Students will be given guided reading, and regular formative assessment exercises will enable students to evaluate their understanding of the module.

The module will be assessed by coursework, including online test.


Credits: 15 / Semester: semester 1

This module describes the evolutionary processes that have resulted in the generation of the diverse life forms that populate the planet.

This includes the theory of evolution by natural selection, and the genetic processes that result in gene evolution and diversity.

Selected scenarios and case studies will apply evolutionary concepts, showing the fundamental importance of evolution to a broad range of the life sciences.

The module is split into two parts: the first part (A) is the same for all students, the second part (B) contains a number of parallel strands tailored to students interest.

Students will be advised by their programme director which strand to follow. 

The lectures will be supplemented with a variety of on-line resources.

Students will be given guided reading, and regular formative assessment exercises will enable students to evaluate their understanding of the module.

The module will be assessed by continuous assessments.


Credits: 15 / Semester: whole session

This is the first practical module that students will take in the School of Life Sciences. The skills that students acquire will be needed for other practical modules that they will take in semester 2 Year 1, and during Year 2 and will prepare them for their year 3 research project and for their subsequent career.
This module is designed to teach the basic multidisciplinary skills required in the biological sciences.

It aims to develop careful working practices, experimental design and interpretation of results. Skills acquired in this module will be both utilised and enhanced by the co-requisite module LIFE 109 (communication and study skills and quantitative skills).

The way in which LIFE 107 is taught and assessed is designed to place emphasis on encouraging students to take responsibility for their own learning . Demonstrators and academic staff will be on hand to answer questions or show students how to use lab equipment.

Resources will be available online via VITAL and include a weekly Blog, technical manual, module handbook, lab instruction manual and weekly lectures.
The module will be taught in weekly practical classes and it will be assessed through continuous assessment (assessment 1-2) and a final exam (assessment 3).


Credits: 7.5 / Semester: semester 1

​This module introduces students to how grand challenges (scientific and societal) are addressed in universities and in particular at the University of Liverpool. Students will be introduced to four major topics (Infections and Global Health, Ageing, Food Security, Personalised Medicines) by experts in the respective fields. Emphasis will be placed on students understanding concepts and assembling information rather than memorizing facts. The material will be delivered based on the concept of a scientific conference with plenary talks and parallel sessions presented by the lecturers, and (in light of Covid-19 driven procedures at scientific meetings) a video session driven by student input. Assessment of lecture material and associated readings will be by continuous assessment.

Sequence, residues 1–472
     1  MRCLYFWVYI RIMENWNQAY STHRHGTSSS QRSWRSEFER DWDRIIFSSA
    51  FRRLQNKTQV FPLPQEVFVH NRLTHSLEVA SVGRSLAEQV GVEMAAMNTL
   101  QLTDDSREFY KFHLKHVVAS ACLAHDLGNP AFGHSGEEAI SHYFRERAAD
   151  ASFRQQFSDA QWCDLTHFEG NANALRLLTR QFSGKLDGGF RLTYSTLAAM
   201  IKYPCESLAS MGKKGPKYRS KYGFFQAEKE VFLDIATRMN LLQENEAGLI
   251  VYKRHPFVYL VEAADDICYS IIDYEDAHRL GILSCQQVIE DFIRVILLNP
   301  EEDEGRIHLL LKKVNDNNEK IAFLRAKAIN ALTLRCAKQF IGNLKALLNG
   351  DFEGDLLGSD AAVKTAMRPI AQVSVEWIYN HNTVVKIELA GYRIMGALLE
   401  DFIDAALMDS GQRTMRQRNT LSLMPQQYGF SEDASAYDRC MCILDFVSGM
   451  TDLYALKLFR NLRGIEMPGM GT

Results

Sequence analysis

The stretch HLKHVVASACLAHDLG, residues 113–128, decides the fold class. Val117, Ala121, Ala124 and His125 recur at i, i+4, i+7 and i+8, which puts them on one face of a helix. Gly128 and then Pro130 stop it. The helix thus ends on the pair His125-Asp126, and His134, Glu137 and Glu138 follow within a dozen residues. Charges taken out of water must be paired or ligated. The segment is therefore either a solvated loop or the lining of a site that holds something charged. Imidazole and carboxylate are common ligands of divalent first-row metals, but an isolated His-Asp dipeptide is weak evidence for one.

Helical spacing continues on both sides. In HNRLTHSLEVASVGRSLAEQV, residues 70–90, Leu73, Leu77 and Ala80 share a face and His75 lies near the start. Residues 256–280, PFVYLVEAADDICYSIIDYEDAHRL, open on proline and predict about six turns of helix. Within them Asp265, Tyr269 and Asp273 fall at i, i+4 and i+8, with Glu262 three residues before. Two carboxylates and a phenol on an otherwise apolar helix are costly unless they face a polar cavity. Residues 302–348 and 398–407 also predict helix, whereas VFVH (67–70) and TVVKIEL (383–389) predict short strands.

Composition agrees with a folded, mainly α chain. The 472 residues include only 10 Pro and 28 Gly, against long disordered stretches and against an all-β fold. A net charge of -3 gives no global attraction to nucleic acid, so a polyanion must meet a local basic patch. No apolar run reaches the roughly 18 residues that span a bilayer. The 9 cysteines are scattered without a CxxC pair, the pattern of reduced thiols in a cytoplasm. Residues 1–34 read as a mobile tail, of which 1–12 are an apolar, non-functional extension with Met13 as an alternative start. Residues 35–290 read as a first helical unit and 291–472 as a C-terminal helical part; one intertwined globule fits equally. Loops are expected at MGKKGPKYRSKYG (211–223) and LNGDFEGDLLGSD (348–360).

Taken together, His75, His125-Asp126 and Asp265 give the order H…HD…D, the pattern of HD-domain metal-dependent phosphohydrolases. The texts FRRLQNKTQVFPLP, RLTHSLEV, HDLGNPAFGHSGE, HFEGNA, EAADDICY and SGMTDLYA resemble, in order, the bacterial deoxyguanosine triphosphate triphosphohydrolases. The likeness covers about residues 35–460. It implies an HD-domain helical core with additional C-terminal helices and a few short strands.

Credits: 15 / Semester: semester 1

This module describes the detailed composition of cells and the processes by which they obtain and generate energy, grow, replicate and eventually die.
The lectures will be supplemented with on-line resources and illustrated with some of the latest research methods that are used to study cell structure and function.
Students will be given guided reading, and regular formative assessment exercises will enable students to evaluate their understanding of the module.
The module will be assessed by both continuous assessments and by a final examination.

Quantitative Skills for the Life Sciences (LIFE113)

Credits: 7.5 / Semester: semester 1

For any student studying the Biological Sciences a firm grasp of quantitiative skills is an absolute necessity. This module will provide you with the knowledge and skills you need to manipulate numbers and analysis/visualise data using digital tools. The module emphasises a "learn by doing" approach to the development of quantitative skills and is heavily workshop based.

Communication and Study Skills for the Life Sciences (LIFE130)

Credits: 7.5 / Semester: whole session

to provide students with study and communication skills for higher education in the Life Sciences;

to develop students’ ability to reflect on their progress and use feedback to identify opportunities for personal development;

to develop students’ appreciation of the application of these skills to future employment.

Optional modules


Credits: 15 / Semester: semester 2

This module provides an introduction to veterinary animal husbandry in the form of lectures, a workshop on poster presentation and a mini conference where students exhibit their posters.

The module covers the basic physiology relevant to animal management; environmental considerations, nutrition and housing; the welfare of managed animals and breeding issues.

The module is assessed by continuous assessment, the poster, and by a final examination.

Marine Ecosystems: Diversity, Processes and Threats (ENVS122)

Credits: 15 / Semester: semester 2

This module introduces the range of diversity of marine ecosystems using example environments from around the world. Each week a new ecosystem will be covered, with the main organisms, key processes and human threats to the ecosystem described and explored. Central to this module are interactive discussion sessions that will build an understanding of how marine ecosystems are expected to respond to the human-induced changes of the anthropocene.​​